• The Sultanate of Delhi, which was born on the battlefield of Tarain, present day Taraori near Kurukshetra, ended on the battlefield of Panipat. Both battlefields are close to each other.
  • Babur built Kabuli Bagh Mosque after the First Battle of Panipat to commemorate victory over Sultan Ibrahim Lodi. Built in 1526 AD, the mosque, situated inside an enclosure having octagonal towers at its corners, has its entrance on the north. The gateway built of bricks with red sandstone facing consists of a lintel bracket-type opening encased in a huge arch, the spandrels of which are decorated with arched recesses encased in rectangular panels.

Stories from history are as convoluted as those from a Bombay masala movie. Its just that the stories from history are thought to be slightly more truthful since they are corroborated by different kinds of evidence. Take the story of the first battle of Panipat. It was fought between a Turk who ruled Afghanistan and an Afghan who ruled Hindustan. Well, not all of Hindustan but certainly a substantial portion, including Punjab. He, Ibrahim Khan, was of the Lodhi dynasty that had been set up by his grandfather. Historians generally say that Ibrahim Lodhi belonged to the Delhi Sultanate, implying that he was the Sultan of Delhi. Actually his capital was at Agra, when the battle of Panipat was fought.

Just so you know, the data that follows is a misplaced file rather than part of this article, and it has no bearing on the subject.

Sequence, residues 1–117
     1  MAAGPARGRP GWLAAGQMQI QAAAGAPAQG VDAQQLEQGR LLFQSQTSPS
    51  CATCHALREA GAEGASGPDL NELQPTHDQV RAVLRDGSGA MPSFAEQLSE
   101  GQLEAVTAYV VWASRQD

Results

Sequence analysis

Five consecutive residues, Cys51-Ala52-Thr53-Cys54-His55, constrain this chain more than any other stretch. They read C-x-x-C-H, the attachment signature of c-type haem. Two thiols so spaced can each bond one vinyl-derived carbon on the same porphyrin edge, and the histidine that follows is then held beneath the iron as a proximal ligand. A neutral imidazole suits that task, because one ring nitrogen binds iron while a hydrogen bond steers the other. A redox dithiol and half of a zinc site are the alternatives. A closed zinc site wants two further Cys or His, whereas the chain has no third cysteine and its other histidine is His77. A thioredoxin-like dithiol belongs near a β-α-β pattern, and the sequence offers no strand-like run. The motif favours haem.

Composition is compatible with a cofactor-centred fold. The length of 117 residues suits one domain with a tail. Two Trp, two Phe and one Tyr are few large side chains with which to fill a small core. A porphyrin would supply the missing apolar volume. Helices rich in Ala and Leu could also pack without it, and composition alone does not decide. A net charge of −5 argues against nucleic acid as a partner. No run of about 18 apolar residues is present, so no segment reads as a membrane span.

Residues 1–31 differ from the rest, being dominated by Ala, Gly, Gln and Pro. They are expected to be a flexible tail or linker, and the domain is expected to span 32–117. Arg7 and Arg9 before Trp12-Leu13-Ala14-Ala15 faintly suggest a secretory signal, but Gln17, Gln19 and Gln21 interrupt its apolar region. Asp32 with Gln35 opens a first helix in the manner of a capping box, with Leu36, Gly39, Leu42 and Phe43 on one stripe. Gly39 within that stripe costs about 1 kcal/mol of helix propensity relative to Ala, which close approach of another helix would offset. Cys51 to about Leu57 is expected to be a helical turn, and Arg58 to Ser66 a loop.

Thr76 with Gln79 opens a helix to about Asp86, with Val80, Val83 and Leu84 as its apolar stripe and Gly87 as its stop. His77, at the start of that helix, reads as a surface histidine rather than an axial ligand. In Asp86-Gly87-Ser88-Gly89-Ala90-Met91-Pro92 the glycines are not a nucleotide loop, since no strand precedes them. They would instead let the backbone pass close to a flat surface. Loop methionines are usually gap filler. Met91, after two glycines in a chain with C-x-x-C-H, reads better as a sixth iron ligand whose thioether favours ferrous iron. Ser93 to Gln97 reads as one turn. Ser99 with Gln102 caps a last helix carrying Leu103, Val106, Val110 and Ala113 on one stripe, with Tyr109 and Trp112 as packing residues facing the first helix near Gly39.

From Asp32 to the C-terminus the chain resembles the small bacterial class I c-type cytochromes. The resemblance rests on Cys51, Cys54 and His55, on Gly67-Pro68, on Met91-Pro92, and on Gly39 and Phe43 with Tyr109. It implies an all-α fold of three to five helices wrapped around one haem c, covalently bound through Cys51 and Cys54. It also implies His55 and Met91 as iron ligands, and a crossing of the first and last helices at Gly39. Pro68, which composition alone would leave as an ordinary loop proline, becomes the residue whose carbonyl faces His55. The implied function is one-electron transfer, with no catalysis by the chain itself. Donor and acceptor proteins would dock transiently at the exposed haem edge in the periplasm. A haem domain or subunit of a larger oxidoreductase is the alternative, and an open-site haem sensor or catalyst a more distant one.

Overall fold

Babar, the Turk who had his base high in the mountains of Kabul maintained his control through the means of Mughal soldiers who had initially been provided him by his maternal uncle, a Chinese Khan. Babar had been driven out of his kingdom in Samarqand in the area of what is today known as Uzbekistan by the brothers of his father and their sons. Had he been in Samarqand he would have been known as a Khan, the big man, the tribal chief, a noble lord. In far off, and [from Babar's point of view] God forsaken Kabul, he opted for the rather grand title of 'Padshah', meaning one who sat on the throne and not a measly chair. In November 1525 began his journey to India. On the 15th December he crossed the river Indus and marched unmolested, going past Ropar and Ambala to reach the open, dry, brush-laden fields of Panipat on 1st April 1526. In the meanwhile Sultan Ibrahim was consulting his astrologers for an appropriate moment to undertake the march that would stop Babar and drive him back from India.